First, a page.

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The Arab World and Osama Bin Laden, An Afterthought
By: Ali Younes — The killing of Osama Bin Laden came while the Arab World in the midst of violent and historic transformation that aims to shed the countries of its dictators and oppressive regimes. The timing of the killing could not have been more fitting for the region. The region is the middle of uprisings and revolutions, while the US is folding its war machines from its war theaters in order to end wars essentially started because of Bin Laden’s terrorism.
Al Qaida and Bin Laden were a product of and a violent response to oppression, under development, corruption, poverty and dictatorship in the Arab world. Today the Arab World is at historic cross roads where the people are toppling their oppressive regimes by using only their bare chests, not riding in the belly of a US tank, and not through waves of Al Qaida’s terrorism.
As a result, Bin Laden will not be greatly missed, for his actions have brought nothing but wars and destruction to great numbers of people. Although Ben Laden provided a feeling of “revenge” to some people in the region when he attacked the US and killed great many Americans and non Americans in NY and Washington on 911. The feeling of revenge came because that many people in the region have for long time associated their underdevelopment, poverty and lack of human rights with the US actions.
The US is however morally responsible for supporting the Middle East dictators either in direct financial aid (Mubarak) or direct political support (Moderate Arab states) or political collusion (the tyrants of Damascus, Tripoli and Sanaa)
That said, however, blaming the US for what went wrong in the Arab World is like blaming the flu for causing cancer. The fact of the matter is that this cancer- repression, and under development, lack of freedom, lack of civil liberties and Human Rights- has created all kind of diseases that went about to destroy the whole body.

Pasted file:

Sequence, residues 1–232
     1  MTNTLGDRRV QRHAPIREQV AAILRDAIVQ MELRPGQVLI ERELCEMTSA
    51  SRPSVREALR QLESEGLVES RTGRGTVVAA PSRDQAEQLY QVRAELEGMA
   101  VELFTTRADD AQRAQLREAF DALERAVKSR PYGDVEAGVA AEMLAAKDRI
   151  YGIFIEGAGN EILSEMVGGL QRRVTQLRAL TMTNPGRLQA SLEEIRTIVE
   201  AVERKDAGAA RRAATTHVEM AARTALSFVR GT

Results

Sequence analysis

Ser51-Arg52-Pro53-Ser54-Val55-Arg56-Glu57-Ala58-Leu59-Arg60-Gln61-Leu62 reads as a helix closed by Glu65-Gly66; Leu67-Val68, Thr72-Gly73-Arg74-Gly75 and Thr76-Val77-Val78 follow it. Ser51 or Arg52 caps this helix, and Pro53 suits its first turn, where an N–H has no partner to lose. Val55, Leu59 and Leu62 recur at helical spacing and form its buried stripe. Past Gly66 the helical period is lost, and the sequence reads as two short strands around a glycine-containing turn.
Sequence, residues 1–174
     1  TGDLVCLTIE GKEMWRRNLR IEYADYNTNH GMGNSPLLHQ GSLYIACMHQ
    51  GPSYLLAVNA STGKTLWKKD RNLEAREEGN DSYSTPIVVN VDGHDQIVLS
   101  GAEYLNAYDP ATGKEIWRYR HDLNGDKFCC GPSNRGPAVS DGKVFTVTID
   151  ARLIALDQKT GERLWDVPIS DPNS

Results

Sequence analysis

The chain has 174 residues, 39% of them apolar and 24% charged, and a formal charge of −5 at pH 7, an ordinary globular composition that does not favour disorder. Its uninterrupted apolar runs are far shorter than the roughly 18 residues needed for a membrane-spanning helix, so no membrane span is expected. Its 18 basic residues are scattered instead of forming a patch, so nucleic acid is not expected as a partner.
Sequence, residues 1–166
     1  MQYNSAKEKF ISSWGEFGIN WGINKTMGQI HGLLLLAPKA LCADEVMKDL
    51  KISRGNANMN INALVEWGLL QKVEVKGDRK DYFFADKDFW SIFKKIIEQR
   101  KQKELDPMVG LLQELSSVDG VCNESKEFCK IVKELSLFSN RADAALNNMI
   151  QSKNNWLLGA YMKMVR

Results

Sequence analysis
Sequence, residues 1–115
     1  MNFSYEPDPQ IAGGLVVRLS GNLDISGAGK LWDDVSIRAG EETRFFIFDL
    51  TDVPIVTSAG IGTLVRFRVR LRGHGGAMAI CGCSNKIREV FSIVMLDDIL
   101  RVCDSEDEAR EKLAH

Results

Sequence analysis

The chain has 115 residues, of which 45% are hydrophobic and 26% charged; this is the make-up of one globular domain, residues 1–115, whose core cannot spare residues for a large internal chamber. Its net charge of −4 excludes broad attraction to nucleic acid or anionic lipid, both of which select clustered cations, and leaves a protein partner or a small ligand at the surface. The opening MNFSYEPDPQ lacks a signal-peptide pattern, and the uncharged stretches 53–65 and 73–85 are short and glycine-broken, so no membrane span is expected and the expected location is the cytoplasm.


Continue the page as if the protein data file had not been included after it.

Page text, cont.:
The greatest trick Arab dictators were able to pass to their vulnerable population came in two forms.
1: the idea that development could come after we create democracy and therefore the Arab world languished in poverty and repression while democracy never knocked on the door to initiate the promised democracy.
2: was that democracy itself should wait until development arrived. But across the region and for over 60 years of perpetuating such trickery democracy did not show up and development never arrived.
The passing of Bin Laden is closing one painful chapter that for the most part punished more Arabs and more Muslims than any other nationality or religion, and the start of another that was already started in Saidi Bouzid, Tunis, and Tahrir square,Cairo.
The demise of Bin Laden will not be the end of terrorism around the world, but we should take the passing of a reviled figure as an opportunity to learn that neither terrorism nor wars are the answers to our problems and our differences.